He turned to leave, but Belle remained fixed to the spot. When he called to her again, she whined. Thomas turned in surprise. It was a lonely sound, poignant in the mist, and he had seldom heard it. The people at the shelter had said she scarcely ever vocalised, which had been one of his reasons for choosing her as a companion, despite her vast size and matching appetite. He went back to her, and the sound came again, like a foghorn heard from far out at sea. She was rigid, poised, looking back towards the waves.

Thomas followed the direction of her gaze and saw it too. Not a hallucination, then, unless the dog was sharing it. A ghost, maybe. This haunted coast had plenty of stories. A Flying Dutchman surfer, plying the Atlantic storm in endless solitude. Probably enough of them had died out there by now to spawn a few ghosts.

As Thomas watched, the graceful figure, still little more than a shadow in the mist, caught a perfect wave and began his ride. He was a long way out, but seemed to spot the watchers on the shore and lifted one hand in an insouciant salute.

No ghost would be so bloody stupid. Thomas turned away in disgust. Since returning from his third and final tour of duty as an army medical officer, he had struggled to hold together the bodies and souls that fell under his care as village doctor in his native Sankerris. Usually it was nothing worse than sprained muscles and arthritis, but even in peaceful West Cornwall, drug-addiction cases came his way, cancers, sick children. And as for the years before that, Thomas kept his thoughts about the sand and bloodstained dust, his efforts to mend shattered soldiers in the Camp Bastion field hospital, in a well-sealed box. He had no time for lunatics who took their lives in their hands for no better reason than to chase a thrill.

The mystique and beauty of the surfing community's ideals were not lost on him, but most were content to wait for decent weather and the seasonal lifeguards who would start work a couple of weeks into May. They did not go out alone, in waves big enough to swallow a house, doubtlessly expecting coastguards and air-sea rescue men to risk their lives in turn to fish them out when the inevitable happened. Realising that the dull, slow swell of rage inside him was little to do with this one dumb kid on a board and a lot to do with the post-traumatic stress disorder he could simultaneously diagnose in himself and utterly deny, that it was eight o'clock in the morning and he had patients who deserved a better doctor than the one he would turn into if he didn't get a grip on himself, Thomas lowered his head and began to stride back up the beach.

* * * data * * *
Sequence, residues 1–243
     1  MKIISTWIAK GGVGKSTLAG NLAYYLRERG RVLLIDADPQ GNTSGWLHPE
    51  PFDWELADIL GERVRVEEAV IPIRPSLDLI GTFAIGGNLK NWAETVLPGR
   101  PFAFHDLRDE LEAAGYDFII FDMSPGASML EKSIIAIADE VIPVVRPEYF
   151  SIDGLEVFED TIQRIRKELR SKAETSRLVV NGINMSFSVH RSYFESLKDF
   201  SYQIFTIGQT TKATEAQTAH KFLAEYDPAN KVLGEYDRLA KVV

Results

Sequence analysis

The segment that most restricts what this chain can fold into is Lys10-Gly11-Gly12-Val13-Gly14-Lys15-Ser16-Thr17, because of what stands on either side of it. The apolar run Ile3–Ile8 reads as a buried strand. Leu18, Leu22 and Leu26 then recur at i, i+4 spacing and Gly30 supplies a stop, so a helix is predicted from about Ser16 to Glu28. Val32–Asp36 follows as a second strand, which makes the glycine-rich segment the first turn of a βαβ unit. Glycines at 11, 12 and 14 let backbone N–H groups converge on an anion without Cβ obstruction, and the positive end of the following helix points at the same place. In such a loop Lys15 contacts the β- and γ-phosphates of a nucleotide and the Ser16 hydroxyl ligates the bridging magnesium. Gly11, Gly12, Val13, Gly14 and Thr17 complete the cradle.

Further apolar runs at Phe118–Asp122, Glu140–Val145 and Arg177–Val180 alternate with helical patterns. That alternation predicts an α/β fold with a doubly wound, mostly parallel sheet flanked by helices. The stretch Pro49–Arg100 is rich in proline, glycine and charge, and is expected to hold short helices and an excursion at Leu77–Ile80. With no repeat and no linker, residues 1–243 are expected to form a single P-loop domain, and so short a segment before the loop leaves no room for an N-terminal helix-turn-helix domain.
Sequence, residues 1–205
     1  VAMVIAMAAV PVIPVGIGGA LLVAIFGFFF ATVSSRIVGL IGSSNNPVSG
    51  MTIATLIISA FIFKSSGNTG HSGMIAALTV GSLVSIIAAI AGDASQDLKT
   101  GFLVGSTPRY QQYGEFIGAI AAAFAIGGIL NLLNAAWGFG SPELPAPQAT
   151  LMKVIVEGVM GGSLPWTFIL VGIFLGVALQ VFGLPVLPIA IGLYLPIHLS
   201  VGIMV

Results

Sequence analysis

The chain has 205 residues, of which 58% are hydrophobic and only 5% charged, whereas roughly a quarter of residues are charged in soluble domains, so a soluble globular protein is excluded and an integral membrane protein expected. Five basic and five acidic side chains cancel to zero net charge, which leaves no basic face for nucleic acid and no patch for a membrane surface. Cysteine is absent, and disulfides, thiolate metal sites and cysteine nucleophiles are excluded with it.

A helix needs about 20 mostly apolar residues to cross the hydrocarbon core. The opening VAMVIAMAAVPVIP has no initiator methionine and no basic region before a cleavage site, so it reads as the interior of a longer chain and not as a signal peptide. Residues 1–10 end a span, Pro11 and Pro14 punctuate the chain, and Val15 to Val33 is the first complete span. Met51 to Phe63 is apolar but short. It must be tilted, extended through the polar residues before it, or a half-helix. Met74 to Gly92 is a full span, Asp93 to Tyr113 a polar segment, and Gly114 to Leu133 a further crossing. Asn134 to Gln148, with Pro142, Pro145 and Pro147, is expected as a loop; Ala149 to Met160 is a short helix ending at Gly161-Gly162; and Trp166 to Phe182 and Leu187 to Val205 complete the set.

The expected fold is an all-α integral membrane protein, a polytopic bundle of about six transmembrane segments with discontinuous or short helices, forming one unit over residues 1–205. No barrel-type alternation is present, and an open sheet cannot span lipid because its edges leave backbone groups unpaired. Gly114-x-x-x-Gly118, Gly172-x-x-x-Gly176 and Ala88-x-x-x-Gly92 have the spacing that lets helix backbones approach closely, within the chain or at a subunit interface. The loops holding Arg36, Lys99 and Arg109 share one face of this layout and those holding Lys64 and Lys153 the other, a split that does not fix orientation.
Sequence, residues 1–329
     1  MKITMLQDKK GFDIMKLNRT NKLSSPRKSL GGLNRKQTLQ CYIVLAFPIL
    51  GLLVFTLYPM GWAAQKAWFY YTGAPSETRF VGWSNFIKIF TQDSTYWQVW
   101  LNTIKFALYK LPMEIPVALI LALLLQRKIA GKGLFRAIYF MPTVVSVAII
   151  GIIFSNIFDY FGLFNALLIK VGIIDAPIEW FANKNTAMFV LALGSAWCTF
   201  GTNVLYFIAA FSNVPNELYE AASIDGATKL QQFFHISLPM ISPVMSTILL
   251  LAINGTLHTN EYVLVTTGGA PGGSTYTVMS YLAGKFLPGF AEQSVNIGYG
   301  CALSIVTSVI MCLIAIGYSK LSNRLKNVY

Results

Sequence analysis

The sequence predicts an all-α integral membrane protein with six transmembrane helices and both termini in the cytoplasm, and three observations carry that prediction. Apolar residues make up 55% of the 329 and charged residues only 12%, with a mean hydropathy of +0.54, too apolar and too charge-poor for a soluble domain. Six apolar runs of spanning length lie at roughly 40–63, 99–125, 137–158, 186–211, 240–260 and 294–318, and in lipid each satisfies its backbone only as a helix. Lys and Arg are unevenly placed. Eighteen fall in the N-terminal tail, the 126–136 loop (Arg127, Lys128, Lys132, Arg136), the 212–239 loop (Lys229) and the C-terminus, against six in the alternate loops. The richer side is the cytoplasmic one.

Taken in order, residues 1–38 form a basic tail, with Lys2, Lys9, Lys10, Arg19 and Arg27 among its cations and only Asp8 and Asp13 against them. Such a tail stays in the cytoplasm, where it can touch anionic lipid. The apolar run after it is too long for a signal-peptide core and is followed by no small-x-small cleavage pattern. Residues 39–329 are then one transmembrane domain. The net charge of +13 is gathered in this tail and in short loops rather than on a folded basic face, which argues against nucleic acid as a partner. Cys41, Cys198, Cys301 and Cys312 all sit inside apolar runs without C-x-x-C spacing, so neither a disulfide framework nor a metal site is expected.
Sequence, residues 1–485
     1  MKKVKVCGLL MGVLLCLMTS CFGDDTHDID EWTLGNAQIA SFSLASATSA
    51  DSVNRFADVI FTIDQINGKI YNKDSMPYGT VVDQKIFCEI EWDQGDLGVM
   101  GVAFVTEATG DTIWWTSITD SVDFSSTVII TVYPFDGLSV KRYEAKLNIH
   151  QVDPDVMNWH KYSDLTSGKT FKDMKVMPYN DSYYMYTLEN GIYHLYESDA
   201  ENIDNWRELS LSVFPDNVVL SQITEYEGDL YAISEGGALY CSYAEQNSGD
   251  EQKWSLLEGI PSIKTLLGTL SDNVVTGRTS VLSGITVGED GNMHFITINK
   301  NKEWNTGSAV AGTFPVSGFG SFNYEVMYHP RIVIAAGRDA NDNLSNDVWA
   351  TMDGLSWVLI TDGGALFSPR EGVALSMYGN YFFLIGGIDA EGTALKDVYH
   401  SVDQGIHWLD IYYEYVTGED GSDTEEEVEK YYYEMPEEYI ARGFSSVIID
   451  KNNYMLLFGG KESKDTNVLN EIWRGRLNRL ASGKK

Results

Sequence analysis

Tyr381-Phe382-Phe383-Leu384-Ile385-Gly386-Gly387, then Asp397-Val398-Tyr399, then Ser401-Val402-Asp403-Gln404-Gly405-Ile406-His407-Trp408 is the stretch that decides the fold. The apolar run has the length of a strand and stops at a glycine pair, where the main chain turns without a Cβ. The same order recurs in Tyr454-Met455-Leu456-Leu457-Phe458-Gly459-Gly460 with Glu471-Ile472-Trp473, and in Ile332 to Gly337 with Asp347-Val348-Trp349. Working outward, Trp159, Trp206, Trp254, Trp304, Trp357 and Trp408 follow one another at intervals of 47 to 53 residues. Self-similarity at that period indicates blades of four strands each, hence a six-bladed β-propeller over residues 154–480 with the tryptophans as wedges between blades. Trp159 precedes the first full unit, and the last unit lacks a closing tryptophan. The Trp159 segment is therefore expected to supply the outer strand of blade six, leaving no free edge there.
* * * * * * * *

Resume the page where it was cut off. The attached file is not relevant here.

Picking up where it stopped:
Belle howled. It was once only, but Thomas's blood ran cold. The sound bounced off the granite cliffs behind him, seemed to blend itself with the roar of the surf, as if the sea had found a voice. Insofar as Thomas was still capable of affection, he loved the dog. Seized by a fear he couldn't name, he ran back to her. "Belle, you silly bitch. What's the matter?" Belle ignored him, and Thomas once more followed the cue of her unfathomable amber-eyed stare.

Just in time to see the surfer execute a sublime passage through the barrel of a breaker, hit the deadly Porth Bay rip, and take the most devastating wipeout Thomas had seen in thirty years of watching riders fly and crash along this coast. For a moment he was lost in admiration. The move had been so beautiful, its termination so complete, that it was almost satisfying, answered some marrow-deep impulse to destruction inside him. He waited, calculating the speed and direction of the rip, adding in a few yards for the undertow. He could work out, more or less, where this talented lunatic should surface.